Legal disruptors are changing the face of the legal profession. Online access to legal advice is opening debate around topics like accessibility to justice, and the complex consequences of sourcing legal advice online.
We asked three legal professionals – Laura Vickers, principal and founder of Nest Legal; Mark Love, legal director at Bradley Allen Love Lawyers; and Agata Wierzbowski, Principal Lawyer at St Kilda Legal Service and former Victoria Law Foundation Community Law Centre (CLC) Fellow – how they see the legal landscape changing.
How has the online availability of legal information changed legal practice?
Mark Love: Most obviously, information access has never been greater – for the practitioner this opens up the ability to deal with something new, new industries and new fields of endeavour. The jargon that cloaks esoteric parts of the industrial world has been laid open, as the meaning of terms used to protect against others from gaining knowledge are now easily discovered.
That said, there is an increasingly higher expectation that the available knowledge should be used. And with that, there become fewer excuses for not understanding the current state of the law and its changes. The standard of knowledge and its application expected of practitioners has increased and that drives us towards specialisation.
Laura Vickers: As legal information becomes more widely available online, it turns on lawyers to add value in ways other than providing straight regurgitations of the law to clients – for example, finding ways to make their services more convenient for clients or building relationships as a trusted advisor.
Agata Wierzbowski: Online dissemination of information has arguably made legal practice more complex. For example, it facilitates ever more complex due diligence exercises, and legal research that may span across many jurisdictions. It has also possibly contributed to the growing length of judicial decisions, and of legal updates that lawyers are now required to keep abreast of. Information accessibility is a double-edged sword. It pushes work standards higher, and so feeds that lurking stress that you’ve missed something that may have been just at your fingertips.
How can online technologies make a difference to the accessibility of legal services?
Laura Vickers: Online technologies like video conferencing, document automation, cloud storage and social media for marketing increase access to justice in several ways.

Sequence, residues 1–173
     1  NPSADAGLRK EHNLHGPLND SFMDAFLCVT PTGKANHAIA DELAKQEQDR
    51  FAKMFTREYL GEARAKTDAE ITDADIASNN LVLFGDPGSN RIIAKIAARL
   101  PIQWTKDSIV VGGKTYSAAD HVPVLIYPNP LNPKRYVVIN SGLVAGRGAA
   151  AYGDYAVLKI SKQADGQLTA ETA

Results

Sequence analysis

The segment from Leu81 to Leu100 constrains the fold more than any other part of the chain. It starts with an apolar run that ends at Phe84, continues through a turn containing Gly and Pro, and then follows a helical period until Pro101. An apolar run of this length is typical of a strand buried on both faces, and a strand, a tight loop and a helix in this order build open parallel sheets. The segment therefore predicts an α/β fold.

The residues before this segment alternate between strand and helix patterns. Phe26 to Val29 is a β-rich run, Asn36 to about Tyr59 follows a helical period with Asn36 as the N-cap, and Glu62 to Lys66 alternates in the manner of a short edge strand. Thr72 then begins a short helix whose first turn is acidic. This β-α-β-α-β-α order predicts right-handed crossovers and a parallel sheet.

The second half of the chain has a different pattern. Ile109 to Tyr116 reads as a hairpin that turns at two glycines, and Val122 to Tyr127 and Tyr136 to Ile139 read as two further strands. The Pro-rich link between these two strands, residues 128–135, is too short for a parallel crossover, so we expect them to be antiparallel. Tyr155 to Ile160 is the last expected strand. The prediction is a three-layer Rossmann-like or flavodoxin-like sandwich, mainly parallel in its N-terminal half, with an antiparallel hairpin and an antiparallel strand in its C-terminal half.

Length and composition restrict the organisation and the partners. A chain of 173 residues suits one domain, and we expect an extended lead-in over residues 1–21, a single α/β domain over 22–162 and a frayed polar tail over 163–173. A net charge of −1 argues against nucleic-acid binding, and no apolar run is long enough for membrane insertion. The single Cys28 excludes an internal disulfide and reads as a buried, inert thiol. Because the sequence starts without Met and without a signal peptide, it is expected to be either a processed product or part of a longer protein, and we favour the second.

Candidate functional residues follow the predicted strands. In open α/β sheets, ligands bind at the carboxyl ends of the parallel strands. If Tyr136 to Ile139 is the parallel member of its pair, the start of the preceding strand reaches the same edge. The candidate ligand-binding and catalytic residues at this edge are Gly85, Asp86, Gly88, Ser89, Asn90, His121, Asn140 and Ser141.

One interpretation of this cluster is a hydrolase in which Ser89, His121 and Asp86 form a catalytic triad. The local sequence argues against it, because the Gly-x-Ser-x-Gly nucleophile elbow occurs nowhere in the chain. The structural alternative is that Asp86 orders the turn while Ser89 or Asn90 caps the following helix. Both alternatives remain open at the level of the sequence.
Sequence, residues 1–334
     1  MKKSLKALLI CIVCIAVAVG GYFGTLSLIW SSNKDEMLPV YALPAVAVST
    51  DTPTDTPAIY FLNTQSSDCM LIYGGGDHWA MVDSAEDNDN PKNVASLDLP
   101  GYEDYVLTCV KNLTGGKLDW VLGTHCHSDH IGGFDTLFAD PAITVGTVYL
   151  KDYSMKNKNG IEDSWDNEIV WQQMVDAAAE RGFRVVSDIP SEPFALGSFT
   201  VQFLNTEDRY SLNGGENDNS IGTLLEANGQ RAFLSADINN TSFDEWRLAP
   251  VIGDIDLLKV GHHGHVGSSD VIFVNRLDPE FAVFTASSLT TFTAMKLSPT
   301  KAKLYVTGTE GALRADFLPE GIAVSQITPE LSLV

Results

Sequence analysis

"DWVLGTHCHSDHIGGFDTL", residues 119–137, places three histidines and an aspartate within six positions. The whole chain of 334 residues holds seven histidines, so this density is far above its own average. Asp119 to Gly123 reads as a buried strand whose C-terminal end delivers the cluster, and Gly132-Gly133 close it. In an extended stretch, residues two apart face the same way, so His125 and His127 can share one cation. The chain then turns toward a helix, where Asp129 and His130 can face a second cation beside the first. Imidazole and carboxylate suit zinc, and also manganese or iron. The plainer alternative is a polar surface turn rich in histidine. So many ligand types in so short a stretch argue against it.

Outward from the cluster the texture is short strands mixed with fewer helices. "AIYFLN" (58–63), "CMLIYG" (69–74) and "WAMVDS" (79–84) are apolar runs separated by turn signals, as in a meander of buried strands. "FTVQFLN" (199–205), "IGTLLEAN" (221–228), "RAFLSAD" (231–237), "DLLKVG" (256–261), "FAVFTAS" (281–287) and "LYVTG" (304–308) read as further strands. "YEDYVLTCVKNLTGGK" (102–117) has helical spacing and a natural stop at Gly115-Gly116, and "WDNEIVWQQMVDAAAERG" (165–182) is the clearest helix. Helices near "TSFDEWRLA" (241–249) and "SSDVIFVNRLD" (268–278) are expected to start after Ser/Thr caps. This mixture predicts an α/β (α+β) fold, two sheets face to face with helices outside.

First, they reduce overheads for law firms, reducing legal fees for clients. Second, they enable people who might not otherwise be physically able to access legal services to obtain quality legal advice. And third, they allow a greater variety of people to practice law, not just those who are able and willing to spend 70 hour weeks in an office.
Agata Wierzbowski: New online technologies have great benefits for accessibility for educated and literate audiences. Online technologies can provide guides that assist self-represented litigants with navigating legal processes, automatically generated legal documents, and allow those living in regional areas to access legal advice that isn’t otherwise available.
Online technologies can also increase accessibility by expanding legal assistance services’ reach and capacity. In addition to the examples listed above, this can occur by, for example, facilitating effective referrals, as well as sharing information, and precedents.
However, online technologies are limited in the extent to which they can currently assist the digitally excluded, and those with limited literacy. These are the core client base of community legal centres – people of low educational attainment, of a non-English-speaking background, who are homeless, or who live with disabilities or mental illness.
There can be great innovations, but if clients don’t have the required levels of literacy or access to the requisite technology then these efforts are destined to have limited impact where it matters most.
Mark Love: Service delivery is no longer constrained by bricks and mortar. Messaging and information technology allow contact to be made and detail to be retained, manipulated and conveyed in manners that allow packaging for convenience and service delivery at time that suits the consumer.
The reverse is also true, in that modern communication allows for information to be gathered by the service provider, to be dealt with at its convenience – the downside remains with the expectations that come from the potential for immediate access, but that is something we will learn to live with.
Are online legal services the way of the future?
Agata Wierzbowski: I hope so. The Nest Legal model has the potential to make quality legal services much more affordable and accessible, to a wider range of clients. If the supply of quality legal services can be increased, this will hopefully bring down the cost of legal services across the board.
Mark Love: Well, to Laura’s credit, Nest is a way of the present. What that service does, in my view, is tap into the fact that the middle class is driving to sustain their accumulation of wealth, which requires people to devote a considerable part of their time to work; there is a considerable part of the public that is time-poor.
Laura Vickers: Technology for its own sake isn’t helpful. But when technology solves longstanding problems, such as those experienced by the legal profession regarding access to justice and retention of women, I agree it is the way of the future.
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